This will also be the first summer I've had a solid job set up for next year. I won't be spending my time completing applications for dozens of districts or signing up for licensure tests to add endorsements that are contingent for my employment.
So, because I'm a little sick1, I already started putting together a basic year-long plan aligned with standards.
I was feeling good and wanted to nail down some overarching questions for the full year, because that would be cool. Overarching questions are like essential questions that cover the whole year - the "so what?" I had one, but I wanted some other ideas and decided to consult some literature from my undergrad to make sure I remembered how to select overarching questions.
So I pulled out Teaching English Through Principled Practice by Peter Smagorinsky and found the section on overarching questions, which gave me some ideas, and looked through the chapter on year long units2.
Smagorinsky (2002) states there are three ways to set up a years worth of units. There are all out teacher selected or where students craft all the units. Then, there is the middle ground:
In this approach to choosing a curriculum, the teacher sets up a menu of possible topics, allowing the students to select eight or so for their year's study . . . This approach has the advantage of giving the students choices in their learning while operating in a framework of topics that the teacher considers culturally and educationally important (p. 36).I had considered doing this my first year teaching, but Smagorinsky (2002) warns against it:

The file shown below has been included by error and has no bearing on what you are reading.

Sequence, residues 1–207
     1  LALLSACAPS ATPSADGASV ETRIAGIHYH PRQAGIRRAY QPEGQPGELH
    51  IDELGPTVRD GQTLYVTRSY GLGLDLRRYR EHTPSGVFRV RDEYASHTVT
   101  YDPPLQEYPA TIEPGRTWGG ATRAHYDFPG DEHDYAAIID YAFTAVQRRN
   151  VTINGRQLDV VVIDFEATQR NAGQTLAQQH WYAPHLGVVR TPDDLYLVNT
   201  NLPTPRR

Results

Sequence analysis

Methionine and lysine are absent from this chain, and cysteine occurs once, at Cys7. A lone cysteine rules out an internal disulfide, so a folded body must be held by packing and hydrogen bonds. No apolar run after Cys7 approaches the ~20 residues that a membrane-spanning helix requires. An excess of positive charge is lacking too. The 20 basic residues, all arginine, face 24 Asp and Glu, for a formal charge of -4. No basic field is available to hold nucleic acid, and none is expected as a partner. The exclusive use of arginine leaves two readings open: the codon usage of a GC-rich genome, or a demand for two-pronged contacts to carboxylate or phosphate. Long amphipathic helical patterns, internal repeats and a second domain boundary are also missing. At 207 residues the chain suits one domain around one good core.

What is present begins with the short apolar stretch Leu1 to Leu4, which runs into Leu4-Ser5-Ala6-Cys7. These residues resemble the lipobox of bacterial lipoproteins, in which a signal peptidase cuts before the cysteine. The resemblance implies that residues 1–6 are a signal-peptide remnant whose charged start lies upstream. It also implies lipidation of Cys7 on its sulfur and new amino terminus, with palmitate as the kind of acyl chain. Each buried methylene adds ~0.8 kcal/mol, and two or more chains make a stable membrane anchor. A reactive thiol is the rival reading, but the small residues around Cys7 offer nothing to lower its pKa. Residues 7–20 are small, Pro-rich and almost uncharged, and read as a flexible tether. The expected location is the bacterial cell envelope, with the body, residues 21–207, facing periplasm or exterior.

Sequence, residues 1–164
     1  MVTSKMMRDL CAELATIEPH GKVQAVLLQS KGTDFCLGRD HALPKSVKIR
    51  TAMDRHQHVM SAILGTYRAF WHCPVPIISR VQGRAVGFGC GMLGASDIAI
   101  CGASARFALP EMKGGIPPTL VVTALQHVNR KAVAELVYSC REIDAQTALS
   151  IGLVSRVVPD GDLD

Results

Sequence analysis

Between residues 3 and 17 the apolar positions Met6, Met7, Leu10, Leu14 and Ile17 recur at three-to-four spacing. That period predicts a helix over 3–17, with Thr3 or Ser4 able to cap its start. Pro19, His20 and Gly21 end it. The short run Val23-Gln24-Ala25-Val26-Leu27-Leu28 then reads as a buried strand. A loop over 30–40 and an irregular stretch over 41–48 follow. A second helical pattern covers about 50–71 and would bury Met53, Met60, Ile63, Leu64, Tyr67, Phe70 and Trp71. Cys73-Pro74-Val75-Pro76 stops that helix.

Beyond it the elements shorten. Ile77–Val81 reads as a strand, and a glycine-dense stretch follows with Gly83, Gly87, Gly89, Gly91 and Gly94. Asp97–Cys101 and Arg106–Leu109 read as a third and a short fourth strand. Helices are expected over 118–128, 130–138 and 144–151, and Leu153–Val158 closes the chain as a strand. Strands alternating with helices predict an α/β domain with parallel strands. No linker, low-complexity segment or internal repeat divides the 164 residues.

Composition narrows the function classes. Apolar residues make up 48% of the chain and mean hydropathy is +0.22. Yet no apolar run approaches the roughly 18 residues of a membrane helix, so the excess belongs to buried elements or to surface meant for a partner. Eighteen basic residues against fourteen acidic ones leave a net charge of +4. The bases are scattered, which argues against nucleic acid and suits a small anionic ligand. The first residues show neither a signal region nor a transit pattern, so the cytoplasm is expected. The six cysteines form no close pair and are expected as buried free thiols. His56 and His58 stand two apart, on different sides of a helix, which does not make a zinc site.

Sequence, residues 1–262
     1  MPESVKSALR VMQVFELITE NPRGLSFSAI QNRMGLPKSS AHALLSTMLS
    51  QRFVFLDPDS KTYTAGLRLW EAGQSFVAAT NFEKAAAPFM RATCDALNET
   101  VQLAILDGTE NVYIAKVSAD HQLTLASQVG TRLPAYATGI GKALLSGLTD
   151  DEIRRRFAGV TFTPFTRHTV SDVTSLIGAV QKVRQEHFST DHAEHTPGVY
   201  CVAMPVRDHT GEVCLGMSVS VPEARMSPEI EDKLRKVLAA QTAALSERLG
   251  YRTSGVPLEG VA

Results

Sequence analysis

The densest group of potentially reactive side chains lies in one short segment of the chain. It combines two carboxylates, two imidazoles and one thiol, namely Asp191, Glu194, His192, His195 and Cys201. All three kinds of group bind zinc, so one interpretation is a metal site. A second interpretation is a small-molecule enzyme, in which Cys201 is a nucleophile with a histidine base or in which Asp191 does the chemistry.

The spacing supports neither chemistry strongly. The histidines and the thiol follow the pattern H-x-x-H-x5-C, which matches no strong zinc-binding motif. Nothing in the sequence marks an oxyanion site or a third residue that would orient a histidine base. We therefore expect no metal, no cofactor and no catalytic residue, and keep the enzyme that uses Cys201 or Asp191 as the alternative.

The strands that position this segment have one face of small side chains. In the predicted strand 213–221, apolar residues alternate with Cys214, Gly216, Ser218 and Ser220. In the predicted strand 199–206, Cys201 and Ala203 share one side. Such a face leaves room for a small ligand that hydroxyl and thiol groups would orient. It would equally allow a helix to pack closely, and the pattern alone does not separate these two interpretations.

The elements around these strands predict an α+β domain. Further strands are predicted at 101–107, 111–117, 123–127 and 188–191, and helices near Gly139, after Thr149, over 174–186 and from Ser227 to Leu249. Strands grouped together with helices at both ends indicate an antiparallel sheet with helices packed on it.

It is often a good idea to wait a few years before taking this approach so that you will have several units prepared, rather than having to write many new units from scratch in your first or second year on the job (p. 36).After teaching for five years in three different districts, I'm ready to skin this chicken. Peel this potato. Gut this fish. I am all over this like ham on cheese. And apparently in need of a snack.
Here's where you, my dear readers, come in. Having taught American Literature only once, and for just a semester, as a first year teacher, I need a list of American Literature units. I've got 26 ideas right now on this Google doc. Some are bad, some are better. I also need texts I could teach with them. No idea is too questionable. From this I can put together a final list and say to my students in September4, "Choose your top ten."
Smagorinsky, P. (2002). Teaching English through principled practice. Upper Saddle River, NJ: Merrill Prentice Hall.
1. You can use the common interpretation or the student vernacular. Go back.
2. My current favorite quote from this book: "You'll probably end up teaching the selections in an order quite different from their order in the anthology. Such is the life of the maverick" (p. 87).3 Go back.
3. I teach mostly with mavericks . . . wait, doesn't that go against the definition?
4. Yeah, that's right, suckas! I don't start school until after Labor Day!5 Go back.
5. Makes working until mid-June worth it.